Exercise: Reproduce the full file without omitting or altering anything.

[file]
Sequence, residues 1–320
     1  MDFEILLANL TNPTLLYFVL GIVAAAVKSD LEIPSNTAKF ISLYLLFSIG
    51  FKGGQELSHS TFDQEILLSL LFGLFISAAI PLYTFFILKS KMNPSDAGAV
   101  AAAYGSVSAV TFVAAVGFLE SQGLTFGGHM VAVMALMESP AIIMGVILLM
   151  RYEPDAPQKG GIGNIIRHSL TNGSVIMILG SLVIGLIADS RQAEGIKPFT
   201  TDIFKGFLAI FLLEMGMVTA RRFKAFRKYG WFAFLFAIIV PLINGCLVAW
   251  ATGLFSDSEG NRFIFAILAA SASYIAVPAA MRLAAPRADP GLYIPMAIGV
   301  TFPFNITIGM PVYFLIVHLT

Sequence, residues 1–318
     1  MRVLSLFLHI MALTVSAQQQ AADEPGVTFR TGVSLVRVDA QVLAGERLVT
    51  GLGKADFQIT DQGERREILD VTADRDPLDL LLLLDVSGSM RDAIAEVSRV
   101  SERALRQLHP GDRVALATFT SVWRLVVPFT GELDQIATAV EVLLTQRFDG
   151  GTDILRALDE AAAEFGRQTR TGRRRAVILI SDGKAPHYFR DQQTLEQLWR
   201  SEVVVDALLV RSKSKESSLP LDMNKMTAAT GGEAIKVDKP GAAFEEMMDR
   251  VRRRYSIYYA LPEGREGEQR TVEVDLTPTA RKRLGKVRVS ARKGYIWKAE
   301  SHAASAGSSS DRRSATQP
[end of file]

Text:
Sequence, residues 1–320
     1  MDFEILLANL TNPTLLYFVL GIVAAAVKSD LEIPSNTAKF ISLYLLFSIG
    51  FKGGQELSHS TFDQEILLSL LFGLFISAAI PLYTFFILKS KMNPSDAGAV
   101  AAAYGSVSAV TFVAAVGFLE SQGLTFGGHM VAVMALMESP AIIMGVILLM
   151  RYEPDAPQKG GIGNIIRHSL TNGSVIMILG SLVIGLIADS RQAEGIKPFT
   201  TDIFKGFLAI FLLEMGMVTA RRFKAFRKYG WFAFLFAIIV PLINGCLVAW
   251  ATGLFSDSEG NRFIFAILAA SASYIAVPAA MRLAAPRADP GLYIPMAIGV
   301  TFPFNITIGM PVYFLIVHLT

Sequence, residues 1–318
     1  MRVLSLFLHI MALTVSAQQQ AADEPGVTFR TGVSLVRVDA QVLAGERLVT
    51  GLGKADFQIT DQGERREILD VTADRDPLDL LLLLDVSGSM RDAIAEVSRV
   101  SERALRQLHP GDRVALATFT SVWRLVVPFT GELDQIATAV EVLLTQRFDG
   151  GTDILRALDE AAAEFGRQTR TGRRRAVILI SDGKAPHYFR DQQTLEQLWR
   201  SEVVVDALLV RSKSKESSLP LDMNKMTAAT GGEAIKVDKP GAAFEEMMDR
   251  VRRRYSIYYA LPEGREGEQR TVEVDLTPTA RKRLGKVRVS ARKGYIWKAE
   301  SHAASAGSSS DRRSATQP